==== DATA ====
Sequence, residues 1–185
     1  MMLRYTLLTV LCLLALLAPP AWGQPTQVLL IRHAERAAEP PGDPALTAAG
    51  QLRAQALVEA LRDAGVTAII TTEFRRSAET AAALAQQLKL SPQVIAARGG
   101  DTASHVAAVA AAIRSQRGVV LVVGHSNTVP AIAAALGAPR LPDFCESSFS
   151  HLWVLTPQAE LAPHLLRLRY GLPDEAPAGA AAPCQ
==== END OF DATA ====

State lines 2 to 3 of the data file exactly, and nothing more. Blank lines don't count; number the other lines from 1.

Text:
     1  MMLRYTLLTV LCLLALLAPP AWGQPTQVLL IRHAERAAEP PGDPALTAAG
    51  QLRAQALVEA LRDAGVTAII TTEFRRSAET AAALAQQLKL SPQVIAARGG